Influence of yeast drying process on different lager brewing strains viability

Irina C. Bolat, Maria Turtoi, Michael C. Walsh
The potential for the application active dry yeast within brewing industry is supported by the advantages this type of yeast offers. Dried yeast is more robust and stable for transportation, distribution and storage. Further, there is no requirement for skilled laboratory staff as there is for yeast supplied on slope.

During the drying process though, performed at high temperatures, a considerable inactivation of the yeast culture occurs. Lager brewing yeast strains are more sensitive at high temperatures than ale yeast strains, the cell viability being affected at a greater extend as well as their flocculation properties.

The present study focuses on assessing the viability of three lager variant strains that were subjected to drying using the spray-drying approach, with further emphasis on only one variant against the initial mixture of WS34/70. This was part of a larger project concerning WS34/70 lager brewing yeast characterization. The variants analysed within this paper had been previously selected and isolated from the WS34/70 lager brewing yeast and stored at -80°C. The karyotype of the three variants, displayed using the short-run technique for low molecular chromosomes, differ in the ratio of two bands.

Thus the ratio is higher than 1 for the first variant (variant a), is equal to 1 for the second variant (variant b) and is lower than 1 for the third variant (variant c). All the analyses were performed against the WS34/70 lager yeast which underwent the same drying/rehydration treatment as the variants.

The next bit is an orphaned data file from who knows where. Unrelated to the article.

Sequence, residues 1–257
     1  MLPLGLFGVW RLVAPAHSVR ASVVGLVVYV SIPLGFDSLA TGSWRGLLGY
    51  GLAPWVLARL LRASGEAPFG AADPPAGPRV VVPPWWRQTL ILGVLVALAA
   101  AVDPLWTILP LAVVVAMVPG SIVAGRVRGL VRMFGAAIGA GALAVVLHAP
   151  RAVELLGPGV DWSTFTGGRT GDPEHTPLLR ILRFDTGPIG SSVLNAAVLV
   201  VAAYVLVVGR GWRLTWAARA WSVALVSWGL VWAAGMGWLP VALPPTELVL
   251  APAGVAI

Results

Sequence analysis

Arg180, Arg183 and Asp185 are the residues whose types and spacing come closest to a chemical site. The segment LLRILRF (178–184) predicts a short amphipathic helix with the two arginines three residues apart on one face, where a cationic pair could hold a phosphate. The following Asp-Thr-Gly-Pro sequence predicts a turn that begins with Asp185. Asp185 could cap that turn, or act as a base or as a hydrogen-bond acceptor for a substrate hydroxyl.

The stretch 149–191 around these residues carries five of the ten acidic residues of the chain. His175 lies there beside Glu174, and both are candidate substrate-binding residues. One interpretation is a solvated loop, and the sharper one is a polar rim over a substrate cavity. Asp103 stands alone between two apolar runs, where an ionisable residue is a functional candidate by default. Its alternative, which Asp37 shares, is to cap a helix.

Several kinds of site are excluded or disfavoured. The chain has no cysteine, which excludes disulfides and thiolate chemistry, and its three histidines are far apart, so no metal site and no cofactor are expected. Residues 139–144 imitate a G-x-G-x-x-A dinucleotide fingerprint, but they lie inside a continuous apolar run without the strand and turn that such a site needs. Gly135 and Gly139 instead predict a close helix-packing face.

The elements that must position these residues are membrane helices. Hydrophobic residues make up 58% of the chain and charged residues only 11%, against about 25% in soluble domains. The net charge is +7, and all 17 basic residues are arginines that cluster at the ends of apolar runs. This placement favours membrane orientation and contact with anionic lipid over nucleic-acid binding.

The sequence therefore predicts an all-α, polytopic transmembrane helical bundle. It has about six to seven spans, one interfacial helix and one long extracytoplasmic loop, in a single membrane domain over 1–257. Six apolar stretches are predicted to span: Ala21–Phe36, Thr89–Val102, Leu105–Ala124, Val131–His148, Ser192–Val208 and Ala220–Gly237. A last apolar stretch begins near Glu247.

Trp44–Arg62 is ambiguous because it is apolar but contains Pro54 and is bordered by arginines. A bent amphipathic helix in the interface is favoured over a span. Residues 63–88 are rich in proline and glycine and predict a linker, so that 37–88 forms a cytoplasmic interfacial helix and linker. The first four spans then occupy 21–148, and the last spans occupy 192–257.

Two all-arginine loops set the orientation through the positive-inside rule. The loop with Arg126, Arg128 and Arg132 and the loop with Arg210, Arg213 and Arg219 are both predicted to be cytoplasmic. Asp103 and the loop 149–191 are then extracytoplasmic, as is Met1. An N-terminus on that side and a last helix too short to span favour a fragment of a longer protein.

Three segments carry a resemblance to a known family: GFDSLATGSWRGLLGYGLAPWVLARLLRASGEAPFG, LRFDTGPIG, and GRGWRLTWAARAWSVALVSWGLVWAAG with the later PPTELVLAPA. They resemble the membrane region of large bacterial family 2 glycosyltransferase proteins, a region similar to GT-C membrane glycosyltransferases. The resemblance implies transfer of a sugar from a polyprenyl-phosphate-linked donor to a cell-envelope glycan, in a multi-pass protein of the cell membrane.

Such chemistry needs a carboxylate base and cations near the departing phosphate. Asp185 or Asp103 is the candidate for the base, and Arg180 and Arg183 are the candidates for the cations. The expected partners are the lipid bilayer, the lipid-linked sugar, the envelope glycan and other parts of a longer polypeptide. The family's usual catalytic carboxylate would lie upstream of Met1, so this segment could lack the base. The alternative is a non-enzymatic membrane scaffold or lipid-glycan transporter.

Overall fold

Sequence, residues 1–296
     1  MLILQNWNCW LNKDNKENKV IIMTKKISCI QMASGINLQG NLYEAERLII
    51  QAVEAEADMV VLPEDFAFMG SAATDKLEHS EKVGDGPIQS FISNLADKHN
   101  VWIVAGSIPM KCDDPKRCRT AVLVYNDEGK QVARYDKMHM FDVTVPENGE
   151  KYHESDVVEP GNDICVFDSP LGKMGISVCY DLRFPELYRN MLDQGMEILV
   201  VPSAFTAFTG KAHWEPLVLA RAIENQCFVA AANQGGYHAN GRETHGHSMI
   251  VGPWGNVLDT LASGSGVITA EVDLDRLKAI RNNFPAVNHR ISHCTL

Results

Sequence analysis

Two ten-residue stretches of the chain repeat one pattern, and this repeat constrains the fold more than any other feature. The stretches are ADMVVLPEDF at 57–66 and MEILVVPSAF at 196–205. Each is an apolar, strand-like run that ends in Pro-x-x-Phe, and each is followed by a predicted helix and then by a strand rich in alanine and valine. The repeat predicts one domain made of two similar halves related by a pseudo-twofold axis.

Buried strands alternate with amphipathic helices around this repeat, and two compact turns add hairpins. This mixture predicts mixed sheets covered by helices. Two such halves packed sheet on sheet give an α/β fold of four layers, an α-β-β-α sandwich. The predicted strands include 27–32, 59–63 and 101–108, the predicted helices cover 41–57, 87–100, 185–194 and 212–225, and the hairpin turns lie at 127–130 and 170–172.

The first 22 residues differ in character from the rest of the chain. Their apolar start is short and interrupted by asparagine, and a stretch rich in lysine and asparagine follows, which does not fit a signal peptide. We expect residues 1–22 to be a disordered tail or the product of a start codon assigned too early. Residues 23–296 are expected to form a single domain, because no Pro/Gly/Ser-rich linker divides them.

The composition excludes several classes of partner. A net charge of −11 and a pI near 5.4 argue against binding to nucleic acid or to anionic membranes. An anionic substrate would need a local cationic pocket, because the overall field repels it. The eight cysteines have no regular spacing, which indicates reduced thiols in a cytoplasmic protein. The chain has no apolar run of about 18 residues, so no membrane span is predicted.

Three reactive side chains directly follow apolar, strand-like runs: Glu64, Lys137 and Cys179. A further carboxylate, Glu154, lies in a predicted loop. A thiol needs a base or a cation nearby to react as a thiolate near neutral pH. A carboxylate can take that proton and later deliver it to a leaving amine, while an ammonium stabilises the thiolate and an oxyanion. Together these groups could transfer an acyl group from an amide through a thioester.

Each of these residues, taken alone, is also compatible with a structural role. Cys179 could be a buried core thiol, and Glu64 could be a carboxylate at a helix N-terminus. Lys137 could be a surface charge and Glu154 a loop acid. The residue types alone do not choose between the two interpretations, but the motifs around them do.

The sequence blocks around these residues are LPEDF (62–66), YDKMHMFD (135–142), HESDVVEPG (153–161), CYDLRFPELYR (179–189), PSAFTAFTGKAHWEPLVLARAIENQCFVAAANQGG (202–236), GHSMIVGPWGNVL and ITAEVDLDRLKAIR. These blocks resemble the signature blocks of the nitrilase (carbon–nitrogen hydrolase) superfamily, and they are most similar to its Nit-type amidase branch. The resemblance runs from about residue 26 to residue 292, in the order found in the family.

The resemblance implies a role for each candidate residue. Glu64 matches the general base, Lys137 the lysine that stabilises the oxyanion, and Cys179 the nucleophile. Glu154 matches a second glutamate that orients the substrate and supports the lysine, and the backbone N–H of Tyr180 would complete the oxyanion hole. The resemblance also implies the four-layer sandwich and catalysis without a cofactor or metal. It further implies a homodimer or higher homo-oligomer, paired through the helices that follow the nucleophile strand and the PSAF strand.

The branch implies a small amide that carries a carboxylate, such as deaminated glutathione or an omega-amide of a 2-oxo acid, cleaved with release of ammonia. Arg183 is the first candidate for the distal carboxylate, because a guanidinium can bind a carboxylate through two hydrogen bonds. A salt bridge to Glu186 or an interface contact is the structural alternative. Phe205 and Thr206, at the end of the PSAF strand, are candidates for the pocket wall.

The number of the total cells and dead cells, as well as viability, glycogen and trehalose content were evaluated for the dried strains, after their rehydration both in 15P wort and in phosphate buffered saline (PBS) with different amounts of emulsifier. The importance of treating the yeast suspension with an emulsifier before drying was showed by the positive evolution of yeast suspension viability after rehydration. The number of dead cells after rehydration gradually decreased. This phenomenon was obvious when a high amount of emulsifier (10% v/v) was added in the yeast suspension, before drying. A low content of emulsifier (0.05% v/v) was not enough to protect the cell wall from degradation, high amounts of dead cells being recorded after rehydration. As a result the yeast suspension viability is much higher in the first case. Yeast suspension viability was lower when re-suspending the dried yeast in wort than in PBS, both at 1:20 and 1:10 dilution. Variant a displayed the highest increase in viability after rehydration, while the mixture of strains WS34/70 showed to be very resistant to the drying process with high viability values even after 1h of rehydration.
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